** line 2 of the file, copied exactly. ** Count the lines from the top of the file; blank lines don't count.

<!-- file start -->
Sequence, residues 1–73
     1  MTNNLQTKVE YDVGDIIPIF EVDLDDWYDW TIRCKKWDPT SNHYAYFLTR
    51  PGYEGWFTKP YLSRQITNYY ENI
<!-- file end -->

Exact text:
     1  MTNNLQTKVE YDVGDIIPIF EVDLDDWYDW TIRCKKWDPT SNHYAYFLTR